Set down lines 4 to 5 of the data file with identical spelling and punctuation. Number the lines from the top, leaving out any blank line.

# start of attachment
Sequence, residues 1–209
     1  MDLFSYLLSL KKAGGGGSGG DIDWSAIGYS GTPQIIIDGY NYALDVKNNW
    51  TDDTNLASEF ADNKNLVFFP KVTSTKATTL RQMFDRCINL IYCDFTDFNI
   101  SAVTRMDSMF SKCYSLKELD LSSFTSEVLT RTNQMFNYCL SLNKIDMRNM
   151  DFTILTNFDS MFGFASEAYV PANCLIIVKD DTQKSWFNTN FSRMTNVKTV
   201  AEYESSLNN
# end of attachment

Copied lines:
   101  SAVTRMDSMF SKCYSLKELD LSSFTSEVLT RTNQMFNYCL SLNKIDMRNM
   151  DFTILTNFDS MFGFASEAYV PANCLIIVKD DTQKSWFNTN FSRMTNVKTV